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WD8T
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Posts: 126




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« Reply #24 on: January 14, 2010, 10:41:44 PM »

Text 'HAITI' to 90999: This service was set up by the U.S. State Department.
Texting "HAITI" to the number will donate $10 to the International Red Cross,
and will appear as a charge on your wireless bill.

Sure..the Red Cross will rake in millions from this disaster.  Their executives will get bonuses and the people of Haiti will get surplus military wool blankets and coffee.
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K5DVW
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Posts: 2193




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« Reply #25 on: January 15, 2010, 05:09:47 AM »

I can't believe anyone would bust on the Red Cross. The United Way probably deserves it, but not the Red Cross!

I agree with some others, stay out of the way unless asked. Give money. Money makes things happen.
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N4NYY
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Posts: 4820




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« Reply #26 on: January 15, 2010, 06:04:41 AM »

I have heard of this problem by the net controls on 14.265. There is a good possibility that the hams are either dead, or their homes and gear are destroyed. Satern was trying to mobilize some volunteer to get down there.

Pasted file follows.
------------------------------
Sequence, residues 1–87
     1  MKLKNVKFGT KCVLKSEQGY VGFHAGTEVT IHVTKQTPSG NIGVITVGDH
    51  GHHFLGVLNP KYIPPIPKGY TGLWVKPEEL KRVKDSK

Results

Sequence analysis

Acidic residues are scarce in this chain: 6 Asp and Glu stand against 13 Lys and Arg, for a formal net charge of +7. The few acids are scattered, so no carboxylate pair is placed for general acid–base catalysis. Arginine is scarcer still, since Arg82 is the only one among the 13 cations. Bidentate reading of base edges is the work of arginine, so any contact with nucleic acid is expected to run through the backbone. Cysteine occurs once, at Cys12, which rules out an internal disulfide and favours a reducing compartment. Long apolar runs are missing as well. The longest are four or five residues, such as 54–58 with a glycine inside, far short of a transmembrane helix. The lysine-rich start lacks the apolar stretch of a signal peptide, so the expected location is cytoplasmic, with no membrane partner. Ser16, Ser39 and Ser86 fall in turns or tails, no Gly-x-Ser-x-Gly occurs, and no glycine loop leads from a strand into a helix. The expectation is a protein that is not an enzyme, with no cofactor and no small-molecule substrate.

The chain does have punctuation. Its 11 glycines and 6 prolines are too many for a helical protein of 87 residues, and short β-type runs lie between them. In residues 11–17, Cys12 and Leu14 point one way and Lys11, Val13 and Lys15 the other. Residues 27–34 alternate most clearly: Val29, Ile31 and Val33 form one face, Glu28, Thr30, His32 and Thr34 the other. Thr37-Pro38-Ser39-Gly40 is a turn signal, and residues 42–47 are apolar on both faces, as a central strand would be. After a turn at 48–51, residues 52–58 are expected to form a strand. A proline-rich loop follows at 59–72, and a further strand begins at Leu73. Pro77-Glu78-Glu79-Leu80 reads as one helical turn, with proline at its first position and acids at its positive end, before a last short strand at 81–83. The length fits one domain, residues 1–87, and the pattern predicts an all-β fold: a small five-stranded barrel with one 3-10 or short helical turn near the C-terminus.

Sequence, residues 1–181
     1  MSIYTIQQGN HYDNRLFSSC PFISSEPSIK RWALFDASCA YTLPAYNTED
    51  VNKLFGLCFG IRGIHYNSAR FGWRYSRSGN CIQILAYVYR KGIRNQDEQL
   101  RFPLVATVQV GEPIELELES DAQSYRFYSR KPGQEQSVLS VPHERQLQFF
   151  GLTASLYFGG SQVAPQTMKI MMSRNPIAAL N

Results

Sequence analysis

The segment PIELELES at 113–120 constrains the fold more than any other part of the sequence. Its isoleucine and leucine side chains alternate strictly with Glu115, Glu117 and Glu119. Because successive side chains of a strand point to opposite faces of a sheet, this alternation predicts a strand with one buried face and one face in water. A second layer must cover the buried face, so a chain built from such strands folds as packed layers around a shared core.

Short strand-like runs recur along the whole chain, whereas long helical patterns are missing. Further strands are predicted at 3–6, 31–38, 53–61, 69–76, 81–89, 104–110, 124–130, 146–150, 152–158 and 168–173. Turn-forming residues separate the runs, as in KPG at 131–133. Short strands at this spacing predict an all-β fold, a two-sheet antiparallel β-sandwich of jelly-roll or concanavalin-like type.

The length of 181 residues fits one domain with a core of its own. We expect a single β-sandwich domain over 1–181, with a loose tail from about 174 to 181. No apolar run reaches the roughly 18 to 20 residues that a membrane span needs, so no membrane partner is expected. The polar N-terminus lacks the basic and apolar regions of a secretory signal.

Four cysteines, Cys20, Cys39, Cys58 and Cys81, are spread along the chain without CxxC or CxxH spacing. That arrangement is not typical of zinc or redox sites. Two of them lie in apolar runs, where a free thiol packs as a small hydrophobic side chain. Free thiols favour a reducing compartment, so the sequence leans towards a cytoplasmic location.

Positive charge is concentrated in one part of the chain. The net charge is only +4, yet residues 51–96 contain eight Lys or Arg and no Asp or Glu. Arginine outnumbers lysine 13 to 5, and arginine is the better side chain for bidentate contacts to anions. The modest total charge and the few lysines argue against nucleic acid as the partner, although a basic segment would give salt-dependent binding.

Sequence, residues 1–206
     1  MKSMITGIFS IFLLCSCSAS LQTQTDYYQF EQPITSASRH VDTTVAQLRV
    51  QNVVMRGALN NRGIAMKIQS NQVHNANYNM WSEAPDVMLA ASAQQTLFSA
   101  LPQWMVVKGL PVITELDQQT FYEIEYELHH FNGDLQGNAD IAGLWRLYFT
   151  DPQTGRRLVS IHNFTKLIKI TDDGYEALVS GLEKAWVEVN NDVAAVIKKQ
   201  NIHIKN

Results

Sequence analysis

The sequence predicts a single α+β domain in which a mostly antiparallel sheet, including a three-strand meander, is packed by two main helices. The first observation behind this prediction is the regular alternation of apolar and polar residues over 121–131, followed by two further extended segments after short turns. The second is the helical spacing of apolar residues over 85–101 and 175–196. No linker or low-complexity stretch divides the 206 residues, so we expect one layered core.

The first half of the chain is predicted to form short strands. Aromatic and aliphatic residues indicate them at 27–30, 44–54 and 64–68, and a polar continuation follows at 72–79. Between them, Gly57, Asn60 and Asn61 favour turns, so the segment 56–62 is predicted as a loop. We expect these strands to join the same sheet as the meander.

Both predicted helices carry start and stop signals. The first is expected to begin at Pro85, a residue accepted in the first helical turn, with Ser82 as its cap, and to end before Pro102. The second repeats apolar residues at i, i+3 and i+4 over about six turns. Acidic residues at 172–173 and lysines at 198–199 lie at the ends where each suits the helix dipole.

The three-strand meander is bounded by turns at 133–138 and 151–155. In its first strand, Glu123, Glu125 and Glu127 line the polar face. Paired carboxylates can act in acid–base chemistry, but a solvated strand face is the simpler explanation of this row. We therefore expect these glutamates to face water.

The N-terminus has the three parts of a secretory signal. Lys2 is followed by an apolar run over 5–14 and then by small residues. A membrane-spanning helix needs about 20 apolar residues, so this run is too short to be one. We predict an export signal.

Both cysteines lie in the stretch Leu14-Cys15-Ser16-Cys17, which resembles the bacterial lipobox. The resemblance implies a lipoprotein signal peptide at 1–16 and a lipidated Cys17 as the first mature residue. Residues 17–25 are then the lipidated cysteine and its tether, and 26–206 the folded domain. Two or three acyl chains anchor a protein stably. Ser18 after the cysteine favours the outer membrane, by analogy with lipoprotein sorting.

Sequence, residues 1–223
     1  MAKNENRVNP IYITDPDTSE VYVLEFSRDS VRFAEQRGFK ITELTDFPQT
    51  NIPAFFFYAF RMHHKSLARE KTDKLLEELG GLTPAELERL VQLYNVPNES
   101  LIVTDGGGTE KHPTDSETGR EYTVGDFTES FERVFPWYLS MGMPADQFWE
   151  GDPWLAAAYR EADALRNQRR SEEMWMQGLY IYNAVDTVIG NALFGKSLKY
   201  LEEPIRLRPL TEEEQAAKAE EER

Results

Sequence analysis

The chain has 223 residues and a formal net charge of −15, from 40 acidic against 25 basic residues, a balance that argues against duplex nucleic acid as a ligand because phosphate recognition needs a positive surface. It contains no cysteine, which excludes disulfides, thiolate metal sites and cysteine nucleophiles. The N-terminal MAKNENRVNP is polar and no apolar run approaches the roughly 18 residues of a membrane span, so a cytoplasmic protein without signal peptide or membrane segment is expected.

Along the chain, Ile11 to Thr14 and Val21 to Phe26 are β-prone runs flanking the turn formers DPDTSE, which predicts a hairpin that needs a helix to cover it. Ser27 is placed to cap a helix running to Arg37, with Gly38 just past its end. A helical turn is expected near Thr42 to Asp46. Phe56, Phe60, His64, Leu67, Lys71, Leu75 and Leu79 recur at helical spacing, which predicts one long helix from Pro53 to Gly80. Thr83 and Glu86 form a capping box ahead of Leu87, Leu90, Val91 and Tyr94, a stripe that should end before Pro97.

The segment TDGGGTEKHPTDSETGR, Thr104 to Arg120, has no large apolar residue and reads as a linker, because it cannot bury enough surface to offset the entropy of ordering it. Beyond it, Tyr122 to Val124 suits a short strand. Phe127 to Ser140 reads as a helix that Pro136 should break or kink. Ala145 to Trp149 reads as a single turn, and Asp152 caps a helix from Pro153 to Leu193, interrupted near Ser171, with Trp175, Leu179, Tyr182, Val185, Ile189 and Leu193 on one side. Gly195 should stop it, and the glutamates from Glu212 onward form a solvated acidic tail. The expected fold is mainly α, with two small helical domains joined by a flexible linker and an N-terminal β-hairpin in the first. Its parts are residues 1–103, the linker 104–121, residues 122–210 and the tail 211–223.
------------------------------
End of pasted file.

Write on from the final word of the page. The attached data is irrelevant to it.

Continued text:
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WG7X
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Posts: 350




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« Reply #27 on: January 15, 2010, 07:34:24 AM »

As usual, Steve WB2WIK had the right answer.

Stay out of the way. The best thing the we can do is to donate cash if you have the ability.

Or... Just tune in to the various nets and just listen. If you are needed, they'll ask for volunteers.

73 Gary
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KA2UUP
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Posts: 388




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« Reply #28 on: January 15, 2010, 12:47:40 PM »

Ditto!
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W5AOX
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« Reply #29 on: January 15, 2010, 02:43:29 PM »

You gotta be kidding about the Red Cross being above reproach.  They get in trouble almost every time they make a move.  They are another bloated bureaucracy and often heavy handed, and have been proven corrupt at least as far back as WWII.  They try to cultivate a squeaky clean image, but they made the news for corruption during Katrina as well......
Catholic Relief Services is a very well known and respected agency that gets the MAXIMUM percentage of your donation to its INTENDED RECIPIENT.
See http://en.wikipedia.org/wiki/Catholic_Relief_Services
And I am no catholic.....